Wednesday, July 17, 2019


F&B industry bound to witness equipment obsolescence; Managing it key
Tuesday, 29 January, 2019, 16 : 00 PM [IST]
As new technologies continue to revolutionise people’s food habits, older trends – and their manufacturing processes – quickly become obsolete.

John Young, sales director, APAC (Asia Pacific), EU Automation, a supplier of obsolete industrial equipment, discussed managing obsolescence in the food and beverage industry.

“Machinery in any manufacturing plant is susceptible to a bit of wear and tear. In food and beverage plants, equipment can really take a beating,” he said.

“As the global population expands, new technologies are developed and our tastes continuously shift, manufacturers don’t only have more mouths to feed – but must also consider more ways to keep consumers happy,” Young added.

“A successful food and beverage plant needs to effectively manage intense production targets, while maintaining stringent safety regulations,” he said.

Added strain
Consider milk for example. Despite the increasing range of dairy-free alternatives on the market, the International Farm Comparison Network reports that milk production will experience a 35 per cent increase by 2030.

The dairy industry manufactures and sells products with very short lifecycles, while adhering to meticulous storage conditions and safety standards. Automation is essential in helping companies overcome these challenges, while meeting consumer demand.

But while automation helps manufacturing run smoothly, the process isn’t always as kind in return.

To keep up with demand, machinery helps churn out masses of products with little planned downtime.

Keeping food safe does not always keep machinery safe either, as harsh sterilisation, washdown processes and issues such as ingress build-up can take their toll on equipment.

Going obsolete
So, where do you turn when things start to fail? Manufacturers may consider replacing broken or damaged components with new ones, but this is not always effective and may lead to upgrading adjacent equipment, lengthy regulatory assessments and potential training gaps. Instead, manufacturers should consider going obsolete.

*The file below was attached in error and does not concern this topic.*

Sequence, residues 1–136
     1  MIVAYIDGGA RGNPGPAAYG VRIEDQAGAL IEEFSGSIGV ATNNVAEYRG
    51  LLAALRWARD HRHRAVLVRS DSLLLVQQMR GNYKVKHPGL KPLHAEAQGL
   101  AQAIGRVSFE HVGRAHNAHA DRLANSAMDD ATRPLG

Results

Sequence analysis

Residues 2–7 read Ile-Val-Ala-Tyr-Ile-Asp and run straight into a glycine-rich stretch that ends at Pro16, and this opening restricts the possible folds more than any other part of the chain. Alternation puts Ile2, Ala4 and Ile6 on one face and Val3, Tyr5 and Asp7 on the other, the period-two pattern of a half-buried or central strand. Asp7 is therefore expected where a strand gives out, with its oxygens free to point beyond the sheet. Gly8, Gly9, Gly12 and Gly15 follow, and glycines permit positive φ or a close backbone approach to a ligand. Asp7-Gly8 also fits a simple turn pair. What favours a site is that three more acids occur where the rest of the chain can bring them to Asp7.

For obsolescence success, one needs to be in touch with a reliable equipment provider. EU Automation helps companies get the parts they need and when they need them to keep operations running smoothly.
It sources parts from an impressive range of suppliers, product lines and generations and makes sure the company receives them in 48 hours or less.

Because of technological changes and new regulations, many products, equipment, skills and software are fated to become obsolete.

Although obsolescence cannot be avoided, a management plan can transform going obsolete from a manufacturing sore spot to the perfect problem solver.

Getting prepared
Obsolescence management is essential at every step of a system’s lifecycle. Doing this pre-emptively and pro-actively will prevent production downtime and expensive upgrades.

When reviewing your obsolescence management strategy, you should consider conducting an audit.

At a minimum, the audit should identify the assets that are at risk of obsolescence, how critical they are, and what stage in the obsolescence lifecycle they are at.

For example, when purchasing a new piece of machinery, it is important to remember it is common for a system to outlive its components.

Businesses may weigh up whether they want to stockpile spare parts, but this can be costly and requires warehouse space.

The alternative is to rapidly access a required part when needed. This requires a relationship with an obsolete equipment supplier, to help limit production downtime without the pile-up of emergency parts.

As new technologies continue to change the way we eat, drink and manufacture, the future is never fully knowable.

However, plant managers can know one thing for sure. An obsolescence management plan will help prioritise components, target budgets effectively and extend the life of equipment.
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